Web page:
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Clin Infect Dis. 2003 May 1;36(9):1103-10. Epub 2003 Apr 14.

Current trends in the epidemiology of nosocomial bloodstream infections in patients with hematological malignancies and solid neoplasms in hospitals in the United States.

Author information

1
Institute for Medical Microbiology, Immunology and Hygiene, University of Cologne, 50935 Cologne, Germany. h.wisplinghoff@uni-koeln.de

Abstract

A total of 2340 patients with underlying malignancy were identified among 22,631 episodes of nosocomial bloodstream infections (BSIs) in a prospectively collected database for 49 hospitals in the United States (Surveillance and Control of Pathogens of Epidemiologic Importance [SCOPE] Project). Data were obtained for the period of March 1995 through February 2001. Gram-positive organisms accounted for 62% of all BSIs in 1995 and for 76% in 2000 (P<.001), and gram-negative organisms accounted for 22% and 14% of all BSIs for these years, respectively. Neutropenia was observed in 30% of patients, so neutropenic and nonneutropenic patients were compared. In both, the predominant pathogens were coagulase-negative staphylococci (32% of isolates recovered from neutropenic patients and 30% of isolates recovered from nonneutropenic patients). The source of BSI was not determined for 57% of patients. The crude mortality rate was 36% for neutropenic patients and 31% for nonneutropenic patients.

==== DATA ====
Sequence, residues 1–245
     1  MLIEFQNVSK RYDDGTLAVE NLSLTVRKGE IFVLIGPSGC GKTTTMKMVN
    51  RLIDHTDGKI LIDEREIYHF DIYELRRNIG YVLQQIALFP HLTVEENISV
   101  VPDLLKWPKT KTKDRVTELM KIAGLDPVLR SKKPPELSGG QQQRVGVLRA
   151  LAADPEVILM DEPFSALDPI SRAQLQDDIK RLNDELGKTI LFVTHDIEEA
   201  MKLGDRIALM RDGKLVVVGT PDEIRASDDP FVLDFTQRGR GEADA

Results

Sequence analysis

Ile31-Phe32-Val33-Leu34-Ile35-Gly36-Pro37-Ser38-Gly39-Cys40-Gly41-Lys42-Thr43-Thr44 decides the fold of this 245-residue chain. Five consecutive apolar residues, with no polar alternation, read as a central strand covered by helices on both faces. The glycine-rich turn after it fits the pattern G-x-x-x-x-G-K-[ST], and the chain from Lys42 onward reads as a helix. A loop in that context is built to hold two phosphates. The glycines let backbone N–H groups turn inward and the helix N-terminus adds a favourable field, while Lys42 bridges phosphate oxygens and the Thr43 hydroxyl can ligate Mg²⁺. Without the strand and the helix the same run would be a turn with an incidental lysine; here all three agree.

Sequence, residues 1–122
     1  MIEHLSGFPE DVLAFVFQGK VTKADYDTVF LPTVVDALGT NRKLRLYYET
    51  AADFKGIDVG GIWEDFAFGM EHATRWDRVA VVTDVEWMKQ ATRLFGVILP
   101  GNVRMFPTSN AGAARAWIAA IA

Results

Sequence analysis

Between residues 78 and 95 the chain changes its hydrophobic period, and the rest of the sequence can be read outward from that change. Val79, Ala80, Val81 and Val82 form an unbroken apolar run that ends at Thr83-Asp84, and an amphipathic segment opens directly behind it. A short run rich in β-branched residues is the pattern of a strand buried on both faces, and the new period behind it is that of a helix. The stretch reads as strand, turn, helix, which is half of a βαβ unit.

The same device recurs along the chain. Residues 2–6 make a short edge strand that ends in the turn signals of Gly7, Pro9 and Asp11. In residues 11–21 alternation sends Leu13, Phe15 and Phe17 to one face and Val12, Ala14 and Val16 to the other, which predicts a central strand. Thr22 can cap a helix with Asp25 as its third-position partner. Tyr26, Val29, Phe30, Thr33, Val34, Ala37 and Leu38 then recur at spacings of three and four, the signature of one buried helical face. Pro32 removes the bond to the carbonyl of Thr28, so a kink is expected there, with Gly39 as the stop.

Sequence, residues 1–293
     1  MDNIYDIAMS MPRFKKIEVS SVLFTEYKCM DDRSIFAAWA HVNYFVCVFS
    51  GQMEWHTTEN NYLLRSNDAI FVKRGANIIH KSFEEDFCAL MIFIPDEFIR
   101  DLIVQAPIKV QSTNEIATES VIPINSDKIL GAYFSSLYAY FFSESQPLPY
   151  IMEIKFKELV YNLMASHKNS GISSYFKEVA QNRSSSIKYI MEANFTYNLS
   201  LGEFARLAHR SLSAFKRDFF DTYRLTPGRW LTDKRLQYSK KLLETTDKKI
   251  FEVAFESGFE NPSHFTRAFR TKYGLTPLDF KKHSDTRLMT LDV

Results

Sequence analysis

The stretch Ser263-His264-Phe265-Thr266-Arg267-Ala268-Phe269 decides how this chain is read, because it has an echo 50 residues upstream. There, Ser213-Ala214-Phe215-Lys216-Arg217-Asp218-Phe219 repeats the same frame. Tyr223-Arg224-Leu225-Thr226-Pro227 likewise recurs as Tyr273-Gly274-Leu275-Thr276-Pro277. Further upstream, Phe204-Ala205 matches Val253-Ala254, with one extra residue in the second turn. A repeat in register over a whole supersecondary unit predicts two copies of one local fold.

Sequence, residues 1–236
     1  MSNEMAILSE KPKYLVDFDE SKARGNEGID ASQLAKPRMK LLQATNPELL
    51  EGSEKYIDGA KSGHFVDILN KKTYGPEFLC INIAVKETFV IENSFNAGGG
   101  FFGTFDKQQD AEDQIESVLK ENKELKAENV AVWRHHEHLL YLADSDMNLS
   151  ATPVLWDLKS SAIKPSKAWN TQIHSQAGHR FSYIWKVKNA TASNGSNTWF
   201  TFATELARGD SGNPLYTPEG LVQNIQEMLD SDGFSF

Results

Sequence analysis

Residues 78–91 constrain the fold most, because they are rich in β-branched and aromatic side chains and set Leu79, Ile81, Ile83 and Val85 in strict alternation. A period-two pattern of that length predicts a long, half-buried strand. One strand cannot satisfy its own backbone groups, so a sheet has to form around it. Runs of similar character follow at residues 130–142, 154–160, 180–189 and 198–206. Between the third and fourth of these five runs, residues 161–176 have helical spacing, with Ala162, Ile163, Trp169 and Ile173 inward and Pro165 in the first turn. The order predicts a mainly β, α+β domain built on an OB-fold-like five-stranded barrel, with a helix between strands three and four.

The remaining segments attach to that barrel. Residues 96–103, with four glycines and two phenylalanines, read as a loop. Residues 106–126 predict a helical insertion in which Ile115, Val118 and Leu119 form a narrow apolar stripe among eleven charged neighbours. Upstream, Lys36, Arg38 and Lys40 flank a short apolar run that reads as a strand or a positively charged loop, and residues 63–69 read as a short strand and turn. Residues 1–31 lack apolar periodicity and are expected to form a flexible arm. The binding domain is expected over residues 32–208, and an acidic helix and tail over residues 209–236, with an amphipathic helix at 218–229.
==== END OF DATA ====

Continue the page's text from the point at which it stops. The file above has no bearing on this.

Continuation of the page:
PMID:
12715303
DOI:
10.1086/374339
[Indexed for MEDLINE]

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